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BT and EE's merger cleared by CMA

The regulator said EE and BT are too small in their respective spaces to have an impact on the rest of the market

BT home page

The Competition and Markets Authority has come to the conclusion that the BT and EE merger will not pose a risk to the UK's mobile or broadband markets and has therefore provisionally cleared the acquisition to go ahead.

Although BT has a large market share in the retail broadband market and EE has the same presence in the mobile market, because the other company involved in the acquisition is smaller, it will not have a negative impact.

"We recognise that this is a merger which is important to many consumers and businesses," said John Wotton, Inquiry Chair. "We have heard a number of concerns from competitors. After a detailed investigation, our provisional view is that these concerns will not translate into a competition problem in practice."

He went on to say that the retail mobile market in the UK is competitive as it stands and as BT is the smallest operator, he does not think the merger will have a significant impact on the competition. When it comes to the broadband sector, Wotton doesn't think there will be a problem with EE either, because like BT in the mobile sector, it is too small to be considered a threat.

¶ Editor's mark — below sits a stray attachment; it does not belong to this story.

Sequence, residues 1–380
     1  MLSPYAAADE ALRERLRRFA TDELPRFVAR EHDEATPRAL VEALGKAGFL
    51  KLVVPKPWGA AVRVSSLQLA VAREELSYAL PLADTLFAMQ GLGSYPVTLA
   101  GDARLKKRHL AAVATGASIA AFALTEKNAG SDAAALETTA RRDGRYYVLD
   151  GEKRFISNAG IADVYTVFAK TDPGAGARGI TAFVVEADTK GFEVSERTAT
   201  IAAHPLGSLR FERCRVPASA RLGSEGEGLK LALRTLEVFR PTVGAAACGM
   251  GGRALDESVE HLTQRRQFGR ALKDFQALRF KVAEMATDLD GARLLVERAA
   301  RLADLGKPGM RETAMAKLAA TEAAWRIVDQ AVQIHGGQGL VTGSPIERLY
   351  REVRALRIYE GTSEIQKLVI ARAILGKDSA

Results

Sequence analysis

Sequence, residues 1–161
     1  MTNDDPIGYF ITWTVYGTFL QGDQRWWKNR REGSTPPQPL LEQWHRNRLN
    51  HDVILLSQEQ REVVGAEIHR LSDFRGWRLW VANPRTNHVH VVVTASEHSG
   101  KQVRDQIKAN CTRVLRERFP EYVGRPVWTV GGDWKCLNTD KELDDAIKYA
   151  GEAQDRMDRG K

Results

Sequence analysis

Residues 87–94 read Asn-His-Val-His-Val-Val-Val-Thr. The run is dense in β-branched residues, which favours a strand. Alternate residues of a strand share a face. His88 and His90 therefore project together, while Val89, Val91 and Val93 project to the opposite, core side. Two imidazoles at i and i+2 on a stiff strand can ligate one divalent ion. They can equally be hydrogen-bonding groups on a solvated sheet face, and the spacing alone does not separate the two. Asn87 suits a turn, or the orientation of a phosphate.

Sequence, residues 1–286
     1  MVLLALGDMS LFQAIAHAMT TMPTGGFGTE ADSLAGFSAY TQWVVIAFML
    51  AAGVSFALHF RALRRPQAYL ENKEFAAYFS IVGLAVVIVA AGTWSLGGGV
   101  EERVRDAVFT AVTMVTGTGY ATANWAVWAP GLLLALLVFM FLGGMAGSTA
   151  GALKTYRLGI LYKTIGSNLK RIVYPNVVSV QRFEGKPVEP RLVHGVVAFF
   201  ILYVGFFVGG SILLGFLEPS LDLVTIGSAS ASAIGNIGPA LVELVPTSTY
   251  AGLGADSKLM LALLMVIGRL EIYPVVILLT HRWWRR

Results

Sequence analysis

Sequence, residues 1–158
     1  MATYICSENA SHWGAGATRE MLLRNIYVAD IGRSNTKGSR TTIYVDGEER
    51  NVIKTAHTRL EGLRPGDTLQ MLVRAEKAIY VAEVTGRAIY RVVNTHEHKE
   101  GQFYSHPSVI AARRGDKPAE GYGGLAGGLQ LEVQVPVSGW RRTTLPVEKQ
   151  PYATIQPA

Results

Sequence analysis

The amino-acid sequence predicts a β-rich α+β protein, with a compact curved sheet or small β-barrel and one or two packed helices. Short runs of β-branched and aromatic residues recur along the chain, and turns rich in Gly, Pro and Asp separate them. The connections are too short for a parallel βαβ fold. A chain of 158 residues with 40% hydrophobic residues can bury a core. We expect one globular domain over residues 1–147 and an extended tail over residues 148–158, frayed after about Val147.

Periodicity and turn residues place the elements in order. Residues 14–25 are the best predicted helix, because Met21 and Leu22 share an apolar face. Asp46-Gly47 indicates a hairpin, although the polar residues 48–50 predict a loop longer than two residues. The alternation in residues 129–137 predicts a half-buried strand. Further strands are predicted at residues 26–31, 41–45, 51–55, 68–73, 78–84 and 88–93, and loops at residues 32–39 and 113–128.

"We have also been looking at the ways in which, as a merged company, BT/EE might try to disadvantage competitors which it supplied with services such as backhaul, wholesale mobile or wholesale broadband services," he said. "We have provisionally found that in some areas it is unlikely that they would have both the ability and incentive to do so - and in others that the effects of their attempting to do so would be limited."

"Having considered all the evidence, the group does not provisionally believe that, in a dynamic and evolving sector, it is more likely than not that BT/EE will be able to use its position to damage competition or the interests of consumers," Wotton finished.

Image credit: chrisdorney / Shutterstock.com

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